The Center for Computational and Data Science brings you a second Seed Funding Highlight!

The Center offers funding for proposals that align with our mission: working to advance theoretical or applied research in the social sciences using advanced computational approaches, including human language technologies and data science. The goal of seed funding is to support pilot research that will lead to future grant proposals or research publications, as well as to support dissertation research that advances CCDS goals.

We are excited to showcase the research of iSchool Assistant Professor Jeff Hemsley! Jeff received a PhD from the University of Washington’s Information School in 2014. Prior to that Jeff graduated with a BS in Economics with a minor in Math and Statistics. Jeff’s previous work experience includes working in the software industry for nearly 18 years. He held positions as a software engineer, a manager, a project manager, and as a test engineer.

Jeff Hemsley’s research interests center on understanding information diffusion – or viral events, particularly in the context of politics in social media. Jeff writes that “What has inspired me about studying viral events is that they can bring alternate perspectives and the grievances of marginalized groups to the attention of wider audiences.” Jeff explained that having fake news that goes viral and so I am also motivated by finding and flagging this kind of information.”

Jeff is the co-author of the book Going Viral (Polity Press, 2013), which was the winner of ASIS&T Best Science Books of 2014 Information award and selected by Choice magazine as an Outstanding Academic Title for 2014. The book explains what virality is, how it works technologically and socially, and draws out the implications of the process for social change.

Jeff enjoys using statistical methods in his work as well as exploratory data analysis (EDA). EDA is an approach that is useful for searching for patterns, structures and the unexpected in data. The tools of EDA include descriptive statistics, tables, and data visualizations. Jeff specializes in data visualization and teaches classes here in the iSchool on the topic.

The Research:

The seed funding Jeff received supported work looking at virality on a niche social media site called Dribble. Dribbble is a niche social networking site for artists and designers with over 600,000 users. Virality is a much-studied topic on popular social media sites, but has rarely been explored on niche sites. Using a mixed-method approach, Jeff and his team explore virality from a user-centric perspective. Interviews with informants confirm that viral-like events do exist on Dribbble, though the events that spread are different. With the interviews, Jeff’s team identify the measures and possible driving factors of viral-like events. Then they use computational work to collect and analysis hundreds of thousands of user profiles and user-generated content records to produce results. While the events that spread are different than on other platforms, Jeff’s work suggests that the measures and mechanics that drive these events are similar. This similarity reflects the same fundamental human behavior underlying social phenomenon across different platforms. Jeff’s results are supported by regression modeling using variables identified by the research’s informants. This work contributes to social media studies since smaller sites like Dribbble are rarely studied, particularly using mixed methods approaches, as well as to the body of research around information diffusion and viral events.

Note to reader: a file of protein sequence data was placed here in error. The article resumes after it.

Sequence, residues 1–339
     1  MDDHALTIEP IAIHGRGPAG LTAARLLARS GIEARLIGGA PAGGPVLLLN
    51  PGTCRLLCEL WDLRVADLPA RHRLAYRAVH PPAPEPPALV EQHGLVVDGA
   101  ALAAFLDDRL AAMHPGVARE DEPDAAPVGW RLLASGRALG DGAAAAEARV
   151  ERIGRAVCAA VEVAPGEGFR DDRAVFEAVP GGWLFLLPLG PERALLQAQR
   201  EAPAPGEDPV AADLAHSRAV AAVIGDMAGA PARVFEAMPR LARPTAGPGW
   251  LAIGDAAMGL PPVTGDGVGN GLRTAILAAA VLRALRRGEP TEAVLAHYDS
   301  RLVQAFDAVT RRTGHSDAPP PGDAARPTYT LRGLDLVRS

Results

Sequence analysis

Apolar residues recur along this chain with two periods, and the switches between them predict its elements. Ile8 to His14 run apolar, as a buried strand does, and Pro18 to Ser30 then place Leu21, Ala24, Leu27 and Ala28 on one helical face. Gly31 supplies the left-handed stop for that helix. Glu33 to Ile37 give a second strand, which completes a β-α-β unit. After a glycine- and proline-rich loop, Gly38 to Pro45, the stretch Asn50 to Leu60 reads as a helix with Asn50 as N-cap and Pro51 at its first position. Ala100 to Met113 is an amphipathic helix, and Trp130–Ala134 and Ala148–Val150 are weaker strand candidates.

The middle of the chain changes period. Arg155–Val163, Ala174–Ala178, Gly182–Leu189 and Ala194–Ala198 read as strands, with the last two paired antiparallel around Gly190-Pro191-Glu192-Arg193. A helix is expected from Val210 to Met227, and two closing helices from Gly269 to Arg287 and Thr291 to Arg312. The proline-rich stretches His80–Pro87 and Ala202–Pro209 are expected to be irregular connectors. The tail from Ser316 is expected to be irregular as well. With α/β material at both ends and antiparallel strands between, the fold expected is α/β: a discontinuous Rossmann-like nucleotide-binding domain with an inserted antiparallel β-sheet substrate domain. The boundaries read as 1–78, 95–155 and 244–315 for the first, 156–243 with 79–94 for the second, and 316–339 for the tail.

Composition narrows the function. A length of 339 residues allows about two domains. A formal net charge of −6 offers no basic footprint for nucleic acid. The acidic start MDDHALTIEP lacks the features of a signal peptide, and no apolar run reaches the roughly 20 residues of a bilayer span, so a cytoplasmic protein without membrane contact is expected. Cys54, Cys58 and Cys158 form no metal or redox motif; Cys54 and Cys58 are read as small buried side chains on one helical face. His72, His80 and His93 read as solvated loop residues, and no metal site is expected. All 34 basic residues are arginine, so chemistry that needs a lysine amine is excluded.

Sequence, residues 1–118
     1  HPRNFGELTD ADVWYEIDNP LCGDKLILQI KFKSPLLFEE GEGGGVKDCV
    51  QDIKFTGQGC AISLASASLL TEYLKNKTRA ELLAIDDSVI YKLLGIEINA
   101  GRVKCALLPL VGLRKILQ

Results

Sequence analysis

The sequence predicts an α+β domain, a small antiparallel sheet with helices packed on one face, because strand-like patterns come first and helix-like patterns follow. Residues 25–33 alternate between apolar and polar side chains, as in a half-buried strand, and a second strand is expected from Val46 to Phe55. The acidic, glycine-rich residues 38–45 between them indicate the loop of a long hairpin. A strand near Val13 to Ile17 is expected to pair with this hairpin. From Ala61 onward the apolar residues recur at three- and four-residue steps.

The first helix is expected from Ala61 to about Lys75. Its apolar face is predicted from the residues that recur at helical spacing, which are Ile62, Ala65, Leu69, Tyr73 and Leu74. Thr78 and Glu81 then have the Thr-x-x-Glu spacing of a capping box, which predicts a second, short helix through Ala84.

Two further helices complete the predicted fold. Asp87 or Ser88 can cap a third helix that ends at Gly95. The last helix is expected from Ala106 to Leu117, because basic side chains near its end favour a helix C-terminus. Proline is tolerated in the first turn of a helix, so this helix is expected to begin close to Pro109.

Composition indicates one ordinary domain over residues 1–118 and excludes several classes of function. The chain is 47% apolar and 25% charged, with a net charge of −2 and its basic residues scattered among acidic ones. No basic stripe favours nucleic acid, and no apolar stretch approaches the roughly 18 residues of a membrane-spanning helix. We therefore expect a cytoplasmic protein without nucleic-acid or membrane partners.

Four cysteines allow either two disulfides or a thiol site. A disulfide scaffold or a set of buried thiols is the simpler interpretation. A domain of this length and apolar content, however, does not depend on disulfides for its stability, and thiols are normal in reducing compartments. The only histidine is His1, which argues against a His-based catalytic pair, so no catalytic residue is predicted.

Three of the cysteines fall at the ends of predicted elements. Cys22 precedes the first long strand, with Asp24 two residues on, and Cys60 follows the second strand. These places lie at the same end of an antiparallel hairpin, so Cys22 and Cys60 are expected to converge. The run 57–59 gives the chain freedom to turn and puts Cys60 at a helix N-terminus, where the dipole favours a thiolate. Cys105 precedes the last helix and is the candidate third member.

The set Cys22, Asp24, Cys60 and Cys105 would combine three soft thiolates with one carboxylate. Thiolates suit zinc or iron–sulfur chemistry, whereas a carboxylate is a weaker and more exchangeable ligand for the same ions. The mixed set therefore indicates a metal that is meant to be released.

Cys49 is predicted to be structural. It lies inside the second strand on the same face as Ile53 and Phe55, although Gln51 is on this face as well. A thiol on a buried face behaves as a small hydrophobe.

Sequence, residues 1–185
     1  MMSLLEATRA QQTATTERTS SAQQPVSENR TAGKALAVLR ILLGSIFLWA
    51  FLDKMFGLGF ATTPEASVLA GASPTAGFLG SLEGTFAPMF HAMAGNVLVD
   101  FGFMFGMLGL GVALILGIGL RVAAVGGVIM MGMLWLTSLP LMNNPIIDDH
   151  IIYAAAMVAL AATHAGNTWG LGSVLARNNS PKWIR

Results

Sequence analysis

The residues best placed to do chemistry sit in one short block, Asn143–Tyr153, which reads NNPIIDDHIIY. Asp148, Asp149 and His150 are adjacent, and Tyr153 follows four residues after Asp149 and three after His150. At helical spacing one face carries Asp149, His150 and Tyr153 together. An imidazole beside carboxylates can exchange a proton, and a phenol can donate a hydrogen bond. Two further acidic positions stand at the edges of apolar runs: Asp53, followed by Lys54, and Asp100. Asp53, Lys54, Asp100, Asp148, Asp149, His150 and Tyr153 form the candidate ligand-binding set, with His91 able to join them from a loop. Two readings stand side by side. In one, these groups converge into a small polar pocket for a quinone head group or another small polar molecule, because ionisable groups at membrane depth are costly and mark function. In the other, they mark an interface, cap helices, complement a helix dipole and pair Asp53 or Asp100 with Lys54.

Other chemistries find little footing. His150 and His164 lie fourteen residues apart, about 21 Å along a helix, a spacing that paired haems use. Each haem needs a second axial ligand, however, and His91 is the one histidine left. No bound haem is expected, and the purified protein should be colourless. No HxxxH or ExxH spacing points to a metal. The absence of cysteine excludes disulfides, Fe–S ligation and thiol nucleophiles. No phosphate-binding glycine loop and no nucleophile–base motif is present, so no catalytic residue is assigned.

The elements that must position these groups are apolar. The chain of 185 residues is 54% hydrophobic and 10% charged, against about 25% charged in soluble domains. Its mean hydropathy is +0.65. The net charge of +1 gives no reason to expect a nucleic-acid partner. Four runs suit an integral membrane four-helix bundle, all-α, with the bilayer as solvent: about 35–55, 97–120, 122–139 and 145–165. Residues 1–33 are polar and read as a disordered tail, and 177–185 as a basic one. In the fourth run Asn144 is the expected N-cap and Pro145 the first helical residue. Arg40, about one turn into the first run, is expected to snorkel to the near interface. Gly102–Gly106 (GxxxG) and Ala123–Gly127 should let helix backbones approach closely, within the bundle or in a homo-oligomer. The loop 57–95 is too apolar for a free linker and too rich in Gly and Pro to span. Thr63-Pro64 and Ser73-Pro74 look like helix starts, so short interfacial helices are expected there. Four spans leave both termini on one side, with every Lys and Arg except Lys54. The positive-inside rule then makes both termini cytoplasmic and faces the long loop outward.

The Impact:

Jeff’s work utilizes mixing quantitative and big data work with qualitative interview work. Given the Center’s focus on computational techniques, Jeff’s research epitomizes the CCDS mission.

Jeff and his team used the seed funds in multiple ways: to compensate interview informants; to pay for transcription costs; and to help cover the costs of a copy editor for a paper that Jeff’s team submitted to a journal. Furthermore, the seed funding Jeff received provided an opportunity for a PhD student to gain experience in conducting interviews.

Jeff plans to further pursue this area of research beyond niche social media sites. Like Dribbble, some academic sites – like Research Gate – are also niche sites. Jeff and his team wonder how viral events, or viral-like events, are similar or different on these kinds of sites. Music sites may also provide a future opportunity to utilize this type of research.

When asked for recommendations on applying for CCDS seed funding for others that may be interested, Jeff had three pieces of advice. First, he recommends having a clear plan for how the funds will be used. Second, have a justification for why the work is important. And finally, be clear about what you hope will result from the work: e.g. where you plan to publish or if you plan to submit a grant.

Thank you for your insights Jeff, and we look forward to hearing more about this exciting research!